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iter to address of item

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hmm, can anyone tell me whats wrong the below code header
#ifndef UI_ITEM
#define UI_ITEM

#include "globalSettings.h"
#include "loadTexture.h"

class UI_item
{
public:
	UI_item(float posx, float posy, float posz, float scalex, float scaley, float scalez, 
		IDirect3DVertexBuffer9* VB, IDirect3DIndexBuffer9* IB, 
		char *imageLocation );
	~UI_item();

	void display();

private:

	D3DXMATRIX transform;
	IDirect3DVertexBuffer9* VB;		
	IDirect3DIndexBuffer9* IB;
	IDirect3DTexture9*     image;
	static std::vector <UI_item> UI_list;
};
#endif


cpp
#include "UI_Item.h"

extern IDirect3DDevice9* gd3dDevice;
std::vector <UI_item> UI_item::UI_list;	//declare the static member

UI_item::UI_item(float posx, float posy, float posz, float scalex, float scaley, float scalez, 
		IDirect3DVertexBuffer9* _VB, IDirect3DIndexBuffer9* _IB,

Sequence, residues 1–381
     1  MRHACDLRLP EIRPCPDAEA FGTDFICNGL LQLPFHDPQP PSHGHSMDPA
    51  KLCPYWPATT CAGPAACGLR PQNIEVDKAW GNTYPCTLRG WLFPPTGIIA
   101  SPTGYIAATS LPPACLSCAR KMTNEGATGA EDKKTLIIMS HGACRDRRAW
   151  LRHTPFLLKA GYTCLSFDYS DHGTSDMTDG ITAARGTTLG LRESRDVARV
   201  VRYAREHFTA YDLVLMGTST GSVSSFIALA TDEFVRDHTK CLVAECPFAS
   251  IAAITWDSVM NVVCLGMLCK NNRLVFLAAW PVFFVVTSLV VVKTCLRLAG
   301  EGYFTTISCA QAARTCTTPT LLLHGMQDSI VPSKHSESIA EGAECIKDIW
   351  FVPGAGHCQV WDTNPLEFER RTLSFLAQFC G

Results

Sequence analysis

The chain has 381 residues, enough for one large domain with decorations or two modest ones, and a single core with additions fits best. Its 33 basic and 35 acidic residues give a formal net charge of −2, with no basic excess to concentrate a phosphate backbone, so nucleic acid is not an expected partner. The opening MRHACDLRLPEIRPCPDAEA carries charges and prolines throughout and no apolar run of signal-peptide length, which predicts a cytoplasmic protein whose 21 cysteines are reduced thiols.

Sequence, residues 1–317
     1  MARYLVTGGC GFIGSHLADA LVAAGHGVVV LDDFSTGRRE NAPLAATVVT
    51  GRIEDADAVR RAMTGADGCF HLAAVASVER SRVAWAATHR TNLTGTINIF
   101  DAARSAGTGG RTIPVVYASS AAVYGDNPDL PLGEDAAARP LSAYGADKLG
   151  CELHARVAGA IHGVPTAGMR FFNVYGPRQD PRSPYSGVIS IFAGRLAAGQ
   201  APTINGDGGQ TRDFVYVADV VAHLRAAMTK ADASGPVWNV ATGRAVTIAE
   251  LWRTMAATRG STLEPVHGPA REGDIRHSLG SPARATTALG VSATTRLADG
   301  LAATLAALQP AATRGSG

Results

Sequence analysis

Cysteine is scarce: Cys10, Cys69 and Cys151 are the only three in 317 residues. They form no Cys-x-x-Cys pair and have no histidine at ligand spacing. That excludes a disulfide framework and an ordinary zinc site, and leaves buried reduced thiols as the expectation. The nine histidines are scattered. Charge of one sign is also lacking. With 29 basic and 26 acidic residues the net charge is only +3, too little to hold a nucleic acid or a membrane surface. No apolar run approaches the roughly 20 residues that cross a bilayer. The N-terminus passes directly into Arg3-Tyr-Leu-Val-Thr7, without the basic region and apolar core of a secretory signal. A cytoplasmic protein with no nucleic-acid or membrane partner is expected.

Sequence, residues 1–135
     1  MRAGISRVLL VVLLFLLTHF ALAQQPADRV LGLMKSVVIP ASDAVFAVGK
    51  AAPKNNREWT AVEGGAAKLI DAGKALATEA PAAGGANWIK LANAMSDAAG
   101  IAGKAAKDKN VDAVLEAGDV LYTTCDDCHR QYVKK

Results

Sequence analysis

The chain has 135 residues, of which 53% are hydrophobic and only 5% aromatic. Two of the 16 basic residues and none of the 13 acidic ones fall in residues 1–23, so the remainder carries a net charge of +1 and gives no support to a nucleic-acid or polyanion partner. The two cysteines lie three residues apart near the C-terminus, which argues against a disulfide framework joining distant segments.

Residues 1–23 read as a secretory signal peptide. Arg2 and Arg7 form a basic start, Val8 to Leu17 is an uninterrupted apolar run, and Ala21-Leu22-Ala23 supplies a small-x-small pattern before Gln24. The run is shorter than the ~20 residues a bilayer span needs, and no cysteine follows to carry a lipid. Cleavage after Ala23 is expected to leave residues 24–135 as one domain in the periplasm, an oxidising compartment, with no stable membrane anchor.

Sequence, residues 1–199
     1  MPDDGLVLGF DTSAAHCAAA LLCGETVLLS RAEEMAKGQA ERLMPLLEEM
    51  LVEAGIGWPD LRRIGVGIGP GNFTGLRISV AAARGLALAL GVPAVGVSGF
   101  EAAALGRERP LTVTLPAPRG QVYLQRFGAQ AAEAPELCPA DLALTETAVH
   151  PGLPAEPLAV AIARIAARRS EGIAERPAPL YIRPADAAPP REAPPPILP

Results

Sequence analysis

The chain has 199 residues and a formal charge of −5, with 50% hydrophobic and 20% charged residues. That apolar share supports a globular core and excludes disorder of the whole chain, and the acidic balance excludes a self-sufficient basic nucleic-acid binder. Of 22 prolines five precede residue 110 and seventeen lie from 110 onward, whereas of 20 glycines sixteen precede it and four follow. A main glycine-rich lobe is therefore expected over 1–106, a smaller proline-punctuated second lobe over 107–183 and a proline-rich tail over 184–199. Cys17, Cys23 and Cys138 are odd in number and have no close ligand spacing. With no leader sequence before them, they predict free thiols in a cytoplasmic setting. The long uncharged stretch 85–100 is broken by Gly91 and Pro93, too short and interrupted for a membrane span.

char *imageLocation )
{
	D3DXMATRIX statsWorld;
	D3DXMATRIX statsScale;
	D3DXMatrixIdentity(&statsWorld);
	D3DXMatrixIdentity(&statsScale);

	D3DXMatrixTranslation(&statsWorld, posx, posy, posz);
	D3DXMatrixScaling(&statsScale, scalex, scaley, scalez);
	transform = statsWorld * statsScale;
	VB = _VB;
	IB = _IB;
	loadTexture(gd3dDevice, imageLocation, &image);

	UI_list.push_back((*this));
	
}


UI_item::~UI_item()
{
}

void UI_item::display()
{
	std::vector <UI_item>::iterator iter = UI_list.begin();
	while (iter != UI_list.end())
		{
			gd3dDevice->SetTexture(0, iter->image);
			gd3dDevice->SetTransform(D3DTS_WORLD, iter->&transform);
			gd3dDevice->DrawIndexedPrimitive(D3DPT_TRIANGLELIST, 0, 0, 4, 0, 2);
			iter++;
		}

}


im getting the following error 1>d:\c++\my game\ui_item.cpp(37) : error C2059: syntax error : '&' which points to this line gd3dDevice->SetTransform(D3DTS_WORLD, iter->&transform);